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shootingsight last won the day on October 10

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  1. Do you know if the trigger designs are similar between the SuperNova and the M4?
  2. I'm looking for a spare pistol grip stock to modify, so once you do find your field stock, let me know.
  3. I do not have the pistol grip stock, but it looks like the answer is to poke holes in the butt-pad to unscrew stuff. I do want to put a Tail-Hook on it, so I need a buffer tube. Got the bolt sorted. You need to take the charging handle AND the firing pin out. I tried each, but not together 🙂 Also, I fitted the 2-stage trigger, and it worked great, so I want to get that promoted. If you are firing slugs and want accuracy, 2-stage is the way to go.
  4. I made a 2-stage for an M4, though only a few are in the wild with little feedback, Pretty rare that you care about a crisp letoff for a shotgun.
  5. I'm in! Bought my gun today. Gotta figure out how to get the stock off. Spent 5 mins and could not get the bolt apart - I got the firing pin, cam pin, and charging handle out .... now I'm gonna have to read the instructions 😞 Thanks for all the help.
  6. LOL. You might be giving too much credit to the engineering budget of companies. I spent my career in a Fortune 100 company doing R&D, and we did what you think: if there is a doubt as to strength, you get 10 units (or 100), and you smack them with a drop test or multiple recoils until they break .... because you can afford that. Smaller companies will take one, try it out and if it does not break right away, they call it good. Dunno how big Scalarworks is or what they did, but I'd question how many receivers they were willing to destroy to confirm their design. That said, your thought about butting the rail up against something makes a lot of sense, and is a freebie.
  7. Counting on wicking might be touchy. The shear strength of loctite is a function of square inches of contact area. It does not have to be thick, indeed, for most adhesives, thinner is better, but you want big contact area. So I'd be generous in the application. Typically, I use green loctite, which is exactly designed to wick into cracks, and it is billed as being designed for application to screws after assembly, so the capillary action pulls it in. I don't trust this and generally apply it before assembly. Just beware that it comes in several varieties with differing setup speeds. For some, you only have a few minutes to complete assembly. Green is stronger than blue, but isn't permanent. With a few seconds from a blowtorch, it will loosen up.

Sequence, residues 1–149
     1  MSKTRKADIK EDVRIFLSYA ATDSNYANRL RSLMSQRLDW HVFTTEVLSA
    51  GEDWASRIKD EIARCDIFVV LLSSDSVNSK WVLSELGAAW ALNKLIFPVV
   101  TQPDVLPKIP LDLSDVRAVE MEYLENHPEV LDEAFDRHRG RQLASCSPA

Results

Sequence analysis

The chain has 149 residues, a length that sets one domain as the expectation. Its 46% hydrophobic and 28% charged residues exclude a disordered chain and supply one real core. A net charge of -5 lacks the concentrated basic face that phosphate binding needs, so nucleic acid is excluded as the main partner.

8. Thanks for all, it sounds like I'm going the route of just getting a black gun. I've got a plan for charging handles. We'll see what else I can see that I want to play with.
  9. NP3 will not perform on the hammer. This is why I chose NiB for the 922R hammers I make. Teflon is too soft to take much direct load, and at the sear edges, the pressure is immense - right up at the yield point of the steel. So making trigger components with Nickel-teflon, they start to gum up very quickly. The teflon can't take the load, so you get nickel bearing on nickel, or Nickel on steel, depending on it both components are coated, and nickel is soft, and it is a poor bearing surface. So the nickel starts to gall and wear away and the trigger feels cruddy. NiB is low friction and very high hardness, so it is a great anti-wear coating for high load parts. NP3 will perform well in things like slides and bolt carriers, where sideways forces are incidental and can be spread over large bearing surfaces.